Someone recently explained to me that they had seen an all-black bird on an area lake that was between a duck and goose in size. The bird dove into the water and came up with a fish in its beak. If you know your birds, you are probably thinking it was a double crested cormorant, and you are probably right.
Cormorants are large black water birds. The double crested cormorant, our only cormorant, has an orange throat patch, and its beak, unlike that of a duck or goose, is longer with a sharply down-turned tip. Cormorants are occasionally confused with ducks or geese as well as loons which are similar in size.
Cormorants can be easily identified by their orange throat patch, and when the bird is on the water it holds its beak slightly upwards. Loons on the other hand hold their beaks horizontal, lack the orange throat patch, and have a light breast, light neck band, and white spots on their back Another characteristic that can help in identification is the social habits of the two species. Loons are territorial and seldom observed in flocks, while cormorants are generally observed in flocks, occasionally in association with pelicans.
The double crested cormorants can be found near most large reservoirs across the state such as Sakakawea, Ashtabula, Jamestown Reservoir and others. Natural lakes such as Devils Lake, Chase Lake, and some lakes in the Turtle Mountains support populations of cormorants.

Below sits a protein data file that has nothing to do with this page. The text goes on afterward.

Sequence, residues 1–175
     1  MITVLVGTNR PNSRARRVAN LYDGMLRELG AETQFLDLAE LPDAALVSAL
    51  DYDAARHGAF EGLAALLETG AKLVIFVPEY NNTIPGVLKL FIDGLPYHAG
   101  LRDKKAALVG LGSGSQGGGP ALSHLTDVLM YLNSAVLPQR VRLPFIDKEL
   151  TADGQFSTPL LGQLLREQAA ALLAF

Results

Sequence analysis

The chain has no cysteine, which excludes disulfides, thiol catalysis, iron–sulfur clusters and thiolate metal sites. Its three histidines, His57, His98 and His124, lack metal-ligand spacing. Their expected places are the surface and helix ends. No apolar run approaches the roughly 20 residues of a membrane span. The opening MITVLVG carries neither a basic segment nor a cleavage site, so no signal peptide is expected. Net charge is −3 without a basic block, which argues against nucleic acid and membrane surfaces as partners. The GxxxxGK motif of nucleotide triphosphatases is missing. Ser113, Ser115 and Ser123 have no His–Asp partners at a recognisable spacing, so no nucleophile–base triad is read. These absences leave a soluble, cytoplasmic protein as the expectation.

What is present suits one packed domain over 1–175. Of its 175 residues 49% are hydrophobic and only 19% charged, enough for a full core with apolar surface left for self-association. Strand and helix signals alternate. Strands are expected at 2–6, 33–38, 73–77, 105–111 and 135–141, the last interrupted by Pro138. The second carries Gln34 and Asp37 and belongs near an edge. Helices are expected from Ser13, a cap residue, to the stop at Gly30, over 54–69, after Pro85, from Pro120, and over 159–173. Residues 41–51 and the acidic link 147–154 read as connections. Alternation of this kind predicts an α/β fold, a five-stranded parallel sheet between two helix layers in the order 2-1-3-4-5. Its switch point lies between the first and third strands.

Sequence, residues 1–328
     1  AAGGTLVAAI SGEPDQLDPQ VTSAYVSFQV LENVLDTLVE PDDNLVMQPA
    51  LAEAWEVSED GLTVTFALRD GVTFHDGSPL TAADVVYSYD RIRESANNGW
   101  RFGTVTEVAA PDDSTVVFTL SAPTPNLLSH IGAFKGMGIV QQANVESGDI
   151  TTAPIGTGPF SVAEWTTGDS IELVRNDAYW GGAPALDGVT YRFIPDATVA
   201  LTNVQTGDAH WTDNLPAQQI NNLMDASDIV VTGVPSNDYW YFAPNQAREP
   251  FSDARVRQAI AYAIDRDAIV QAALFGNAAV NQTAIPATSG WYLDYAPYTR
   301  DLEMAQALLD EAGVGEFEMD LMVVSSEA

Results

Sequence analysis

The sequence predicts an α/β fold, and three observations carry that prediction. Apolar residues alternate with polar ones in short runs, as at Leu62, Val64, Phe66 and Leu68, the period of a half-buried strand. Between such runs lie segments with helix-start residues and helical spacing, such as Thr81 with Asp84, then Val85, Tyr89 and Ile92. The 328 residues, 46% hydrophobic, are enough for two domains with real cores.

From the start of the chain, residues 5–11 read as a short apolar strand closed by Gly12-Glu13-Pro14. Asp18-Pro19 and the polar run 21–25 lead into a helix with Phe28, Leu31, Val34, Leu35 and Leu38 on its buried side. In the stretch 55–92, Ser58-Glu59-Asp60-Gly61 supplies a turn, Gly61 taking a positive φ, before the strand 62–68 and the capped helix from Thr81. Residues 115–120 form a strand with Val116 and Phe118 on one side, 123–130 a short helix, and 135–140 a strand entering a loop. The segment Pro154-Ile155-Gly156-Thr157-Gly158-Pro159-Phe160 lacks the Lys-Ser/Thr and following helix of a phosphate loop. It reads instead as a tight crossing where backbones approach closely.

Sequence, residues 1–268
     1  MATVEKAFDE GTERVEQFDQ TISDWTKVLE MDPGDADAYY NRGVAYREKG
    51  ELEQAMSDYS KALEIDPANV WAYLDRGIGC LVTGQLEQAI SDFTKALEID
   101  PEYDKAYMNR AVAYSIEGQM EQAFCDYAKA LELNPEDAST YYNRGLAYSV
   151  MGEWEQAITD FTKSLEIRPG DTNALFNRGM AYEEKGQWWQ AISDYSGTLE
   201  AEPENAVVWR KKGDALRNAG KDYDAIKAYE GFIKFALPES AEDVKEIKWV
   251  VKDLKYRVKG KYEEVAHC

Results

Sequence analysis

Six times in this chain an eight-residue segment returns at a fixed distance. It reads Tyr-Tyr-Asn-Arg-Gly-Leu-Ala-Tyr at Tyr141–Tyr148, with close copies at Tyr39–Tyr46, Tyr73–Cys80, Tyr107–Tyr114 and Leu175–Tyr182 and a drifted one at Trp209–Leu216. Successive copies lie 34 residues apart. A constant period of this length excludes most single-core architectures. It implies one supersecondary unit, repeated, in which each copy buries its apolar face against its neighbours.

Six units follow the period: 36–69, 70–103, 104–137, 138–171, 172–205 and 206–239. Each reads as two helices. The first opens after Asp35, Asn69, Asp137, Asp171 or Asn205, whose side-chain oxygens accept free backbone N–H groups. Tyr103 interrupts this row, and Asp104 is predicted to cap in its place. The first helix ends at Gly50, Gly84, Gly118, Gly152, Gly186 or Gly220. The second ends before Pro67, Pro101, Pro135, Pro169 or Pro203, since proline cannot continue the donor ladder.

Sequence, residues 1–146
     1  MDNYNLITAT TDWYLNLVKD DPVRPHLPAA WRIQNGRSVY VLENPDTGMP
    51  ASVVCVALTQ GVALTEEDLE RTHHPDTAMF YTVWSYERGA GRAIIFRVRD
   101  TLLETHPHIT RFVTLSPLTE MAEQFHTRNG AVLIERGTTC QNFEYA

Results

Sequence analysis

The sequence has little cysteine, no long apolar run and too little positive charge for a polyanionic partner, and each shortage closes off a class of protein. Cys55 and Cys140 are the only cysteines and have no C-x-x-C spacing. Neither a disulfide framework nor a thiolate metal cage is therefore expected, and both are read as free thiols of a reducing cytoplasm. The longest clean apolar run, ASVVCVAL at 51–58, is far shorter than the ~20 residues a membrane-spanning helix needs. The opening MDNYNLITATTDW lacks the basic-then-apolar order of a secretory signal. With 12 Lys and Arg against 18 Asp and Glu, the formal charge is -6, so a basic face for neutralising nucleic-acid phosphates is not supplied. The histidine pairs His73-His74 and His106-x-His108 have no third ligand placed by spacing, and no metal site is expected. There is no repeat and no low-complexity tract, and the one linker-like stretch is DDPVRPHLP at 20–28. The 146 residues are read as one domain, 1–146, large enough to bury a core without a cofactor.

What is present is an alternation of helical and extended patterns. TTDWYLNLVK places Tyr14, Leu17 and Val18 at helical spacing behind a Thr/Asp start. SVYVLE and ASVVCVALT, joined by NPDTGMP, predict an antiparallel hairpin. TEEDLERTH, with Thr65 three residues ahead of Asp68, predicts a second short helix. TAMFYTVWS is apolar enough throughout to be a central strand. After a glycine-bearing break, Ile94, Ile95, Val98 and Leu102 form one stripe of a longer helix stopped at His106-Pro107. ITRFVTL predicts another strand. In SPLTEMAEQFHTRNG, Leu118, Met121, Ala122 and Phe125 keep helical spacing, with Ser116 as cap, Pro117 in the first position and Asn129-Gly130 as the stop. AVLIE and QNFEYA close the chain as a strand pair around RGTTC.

Cormorants are colonial nesters, and the number of nests in a colony may be quite large. Robert Stewart in his Breeding Birds of North Dakota noted that a colony at Chase Lake in 1967 consisted of 500 nests. Another interesting aspect of cormorant nesting colonies is that they may select islands or large dead tree.
Cormorants are commonly observed during the summer feeding on fish and salamanders in many lakes around the state. Their appetite for fish has put them at odds with anglers and some fisheries managers. Some of you may have heard about the controversy surrounding a large cormorant population eating game fish on Leech Lake in Minnesota.
If you live by some lakes or marshes, you may observe some cormorants during the fall waterfowl migration. So be on the lookout for these interesting birds.
Natural North Dakota is supported by NDSU Central Grasslands Research Extension Center and Minot State University-Bottineau, and by the members of Prairie Public. Thanks to Sunny 101.9 in Bottineau for their recording services.